A new North End commercial development was presented this week for Cross Street between Hanover and Salem by property owner Charter Realty & Development Corporation. Often referred to as the “Gateway to the North End” and formally as 198 Hanover Street, the property is on the Freedom Trail facing the Rose Kennedy Greenway. The building currently houses Citizen’s Bank ATMs, Amy’s Nails, The Juicery and vacant space formerly occupied by Bread + Butter. Old timers will remember the long stretch of space before the Big Dig as the former Martignetti Liquors.
Charter Realty purchased the property in 2013 and is proposing a series of commercial storefronts, including restaurants/cafes/retail, that would be up to 35 feet in height to include one high ceiling first floor and a 2nd floor mezzanine.
Charter Realty plans to remove the existing building structure, including the front commercial and three residences in the rear. In its place, a new commercial complex would be built, consisting of a metal and glass design with some lower brick material.
Council members questioned the design, calling it “too modern” and not in keeping with the historical character of the North End. The presenting architect said the design is intended to meld into the existing North End with influences from the Greenway District. Attendees took issue with designing for the Greenway, given the parcel has always been part of the neighborhood and the main pathway that pedestrians enter the North End via the Freedom Trail.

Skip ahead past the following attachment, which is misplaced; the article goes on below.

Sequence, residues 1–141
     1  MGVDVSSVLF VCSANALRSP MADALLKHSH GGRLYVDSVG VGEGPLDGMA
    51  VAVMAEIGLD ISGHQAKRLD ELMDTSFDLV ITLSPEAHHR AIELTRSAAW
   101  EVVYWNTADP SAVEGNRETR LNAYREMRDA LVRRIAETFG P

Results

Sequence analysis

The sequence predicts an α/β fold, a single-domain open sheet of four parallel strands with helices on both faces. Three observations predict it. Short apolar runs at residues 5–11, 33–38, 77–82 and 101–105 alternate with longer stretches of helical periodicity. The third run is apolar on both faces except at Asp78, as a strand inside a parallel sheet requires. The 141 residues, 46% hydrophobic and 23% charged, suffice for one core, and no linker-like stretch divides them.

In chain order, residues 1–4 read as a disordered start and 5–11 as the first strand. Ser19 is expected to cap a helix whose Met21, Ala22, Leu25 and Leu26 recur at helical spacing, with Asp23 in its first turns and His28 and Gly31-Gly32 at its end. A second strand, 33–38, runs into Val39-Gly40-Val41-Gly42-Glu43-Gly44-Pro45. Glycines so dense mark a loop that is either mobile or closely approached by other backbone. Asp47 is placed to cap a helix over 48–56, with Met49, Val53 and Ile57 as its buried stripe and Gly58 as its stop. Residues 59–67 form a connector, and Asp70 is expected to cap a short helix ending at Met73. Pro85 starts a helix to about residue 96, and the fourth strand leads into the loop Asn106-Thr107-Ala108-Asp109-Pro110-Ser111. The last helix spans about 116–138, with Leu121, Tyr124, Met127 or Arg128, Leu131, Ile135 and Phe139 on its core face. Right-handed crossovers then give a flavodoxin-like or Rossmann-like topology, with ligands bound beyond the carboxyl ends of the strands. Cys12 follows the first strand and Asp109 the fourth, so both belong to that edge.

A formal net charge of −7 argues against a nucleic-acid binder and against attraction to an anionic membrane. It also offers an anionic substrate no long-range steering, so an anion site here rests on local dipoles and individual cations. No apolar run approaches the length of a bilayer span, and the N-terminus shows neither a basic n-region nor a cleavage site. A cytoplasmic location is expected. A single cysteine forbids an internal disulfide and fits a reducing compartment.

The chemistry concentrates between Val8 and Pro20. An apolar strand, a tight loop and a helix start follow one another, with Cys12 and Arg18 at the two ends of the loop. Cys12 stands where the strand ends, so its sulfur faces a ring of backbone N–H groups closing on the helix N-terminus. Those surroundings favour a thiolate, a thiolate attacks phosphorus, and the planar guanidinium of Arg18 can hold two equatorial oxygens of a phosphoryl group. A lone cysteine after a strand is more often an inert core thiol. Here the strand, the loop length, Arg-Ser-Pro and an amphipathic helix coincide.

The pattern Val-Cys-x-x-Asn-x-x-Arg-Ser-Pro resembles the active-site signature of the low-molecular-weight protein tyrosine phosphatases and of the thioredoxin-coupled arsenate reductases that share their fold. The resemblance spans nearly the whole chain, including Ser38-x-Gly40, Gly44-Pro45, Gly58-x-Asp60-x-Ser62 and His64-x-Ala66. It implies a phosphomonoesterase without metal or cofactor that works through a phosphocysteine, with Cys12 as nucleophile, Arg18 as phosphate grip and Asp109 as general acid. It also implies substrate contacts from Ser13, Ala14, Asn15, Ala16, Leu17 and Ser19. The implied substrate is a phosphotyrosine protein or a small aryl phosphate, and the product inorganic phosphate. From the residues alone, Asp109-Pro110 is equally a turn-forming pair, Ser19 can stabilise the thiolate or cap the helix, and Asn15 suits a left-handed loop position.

News that the large billboard over the corner of Salem and Cross Streets will be permanently removed was met with positive comments.
Specific establishments have not been solicited or proposed at this stage. (Names in the renderings are fictional.) Al fresco dining and outdoor cafe tables are anticipated given the large brick plaza along Cross Street facing the Rose Kennedy Greenway’s North End Parks.
The space has proven challenging to a revolving door of businesses. Council members expressed concerns regarding tenant selection and encouraged the developer to consider how best to complement existing North End businesses. “Fit with the community” and the concern of large chains entering the neighborhood were raised as issues. Charter Realty said tenants are commit to a space until after the building is constructed.
Charter presented these plans to the North End / Waterfront Neighborhood Council (NEWNC) for informational purposes this week. (View the full video at the top of this post.) The owner has also met with representatives at the Boston Redevelopment Authority and various local officials. A formal submittal to the BRA under Article 80 – Small Project Review is expected shortly.
After meeting with Inspectional Services, the owner believes the proposed design is “zoning compliant” meaning no variances are required given a floor-to-area ratio of only 1.3 (under the 3.0 North End limit) and a height of up to 35 feet (under the 55 feet North End zoning height limit). Various licenses and permits will be required once establishments are proposed for the space. The proponent will return to the neighborhood boards and city officials at that time.